October 20th, 2008 at 3:14 pm
Terrific question, and I think you hit on something that can put us at a disadvantage. When I try to balance the two equally, invariably one suffers. Overall I feel more creative than discipline, and when I try to impose more discipline on my daily schedule, it often backfires. Urgh. They can coexist, and they need to. But it’s freakin’ hard to figure out how!
October 20th, 2008 at 3:22 pm
In my world there are two sides to this:
One side is client projects, where by necessity my discipline is stronger than my creativity. Creativity takes longer and clients usually want projects “thunk up” quickly. Ironic, but usually the thinkin’ stage is very short and the execution stage can be weeks long. Backwards!
The other side is personal projects. Like Mason, I’ve got books full of creative idears and doodles. Putting them into an executable project requires discipline that I’m sorely lacking right now.
October 20th, 2008 at 3:22 pm
Much stronger in the creativity realm. For me, discipline came in the form of a traditional job – something I haven’t had for over 20 years.
October 20th, 2008 at 4:36 pm
The creativity is the easy part, my mind was built for brainstorming and designing and painting and complimentary colors and figuring out puzzles like knots (both string and muscles).
The discipline is hardest. At least the discipline to hold ‘a real job’ and work 8-5 and do the list of things I need to do to make other people happy.
The days I have no structure are the best flowing days of energy and creationism. I can get the trash taken out, my grocery list, laundry folded AND put away, and still knock out a painting or two plus some cards for friends and some wire sculpture. Those are the days that fit best, when it’s a free for all. As for ‘deadlines’ for writing, those can be handled when I can stay up late working on my own pace, the 7am alarm is the part that pulls me back.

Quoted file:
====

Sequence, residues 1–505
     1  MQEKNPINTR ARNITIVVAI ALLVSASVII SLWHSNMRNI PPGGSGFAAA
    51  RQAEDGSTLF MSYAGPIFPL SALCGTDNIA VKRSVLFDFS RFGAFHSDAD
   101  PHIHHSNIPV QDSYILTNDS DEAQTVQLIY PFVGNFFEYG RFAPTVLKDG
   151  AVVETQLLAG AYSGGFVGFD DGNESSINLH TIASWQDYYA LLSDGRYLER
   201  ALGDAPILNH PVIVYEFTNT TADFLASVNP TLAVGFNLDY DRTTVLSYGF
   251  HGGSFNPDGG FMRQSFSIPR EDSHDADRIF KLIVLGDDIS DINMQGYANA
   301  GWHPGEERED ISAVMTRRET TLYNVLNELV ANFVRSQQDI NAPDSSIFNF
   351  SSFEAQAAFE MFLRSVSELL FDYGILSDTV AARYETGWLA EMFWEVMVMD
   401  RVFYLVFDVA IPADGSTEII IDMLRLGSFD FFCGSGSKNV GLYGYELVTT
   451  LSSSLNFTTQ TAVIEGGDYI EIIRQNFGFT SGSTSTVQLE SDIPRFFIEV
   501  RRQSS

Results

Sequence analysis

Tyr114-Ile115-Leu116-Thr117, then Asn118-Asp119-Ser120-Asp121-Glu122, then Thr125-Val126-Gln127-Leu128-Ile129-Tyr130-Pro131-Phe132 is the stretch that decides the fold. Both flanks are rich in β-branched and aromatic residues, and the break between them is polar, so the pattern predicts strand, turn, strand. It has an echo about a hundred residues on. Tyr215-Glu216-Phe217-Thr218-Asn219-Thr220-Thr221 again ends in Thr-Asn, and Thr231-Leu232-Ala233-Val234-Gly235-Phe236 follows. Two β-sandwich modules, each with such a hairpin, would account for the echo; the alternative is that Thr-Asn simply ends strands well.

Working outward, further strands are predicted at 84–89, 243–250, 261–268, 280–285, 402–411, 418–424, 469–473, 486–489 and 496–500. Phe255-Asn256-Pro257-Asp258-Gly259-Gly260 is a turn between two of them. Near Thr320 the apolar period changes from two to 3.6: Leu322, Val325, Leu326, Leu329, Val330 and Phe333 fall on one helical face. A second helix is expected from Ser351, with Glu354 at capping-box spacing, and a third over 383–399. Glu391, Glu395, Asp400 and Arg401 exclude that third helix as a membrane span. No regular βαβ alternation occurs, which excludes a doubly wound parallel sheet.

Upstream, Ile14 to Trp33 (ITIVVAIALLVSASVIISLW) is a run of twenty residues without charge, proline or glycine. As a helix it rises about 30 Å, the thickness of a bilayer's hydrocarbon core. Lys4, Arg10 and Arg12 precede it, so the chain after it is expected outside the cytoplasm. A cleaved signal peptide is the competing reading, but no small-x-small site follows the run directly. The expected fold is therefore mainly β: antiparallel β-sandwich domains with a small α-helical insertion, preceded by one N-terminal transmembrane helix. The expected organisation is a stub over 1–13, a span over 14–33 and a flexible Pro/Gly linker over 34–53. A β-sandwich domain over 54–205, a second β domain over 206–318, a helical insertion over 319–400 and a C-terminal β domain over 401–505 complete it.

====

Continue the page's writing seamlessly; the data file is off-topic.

Some arguments are that to be able to operate in this world you have to adapt, have your gallery open from 9-7 or place business calls during regular hours. I’m wondering why I still inherently believe this when we have email and twitter and can leave messages any time day or night.
Thank you for a good thought provoker – got my juices flowing today!
October 20th, 2008 at 5:39 pm
Creativity is a tool that i use better when i got total focus on my work. Discipline is a goal, i think “i wanna be disciplined”, but i can´t say “i will be creative”.
October 20th, 2008 at 5:51 pm
I definitely agree with Mason Hipp. If there were enough hours in the day to implement all of the ideas in my brainstorming notebook, I might just have a business by now, or at least a much more impressive portfolio! I’m really overflowing with creative ideas, but have no time to implement them due to my strict mommy and twitter schedule, lol.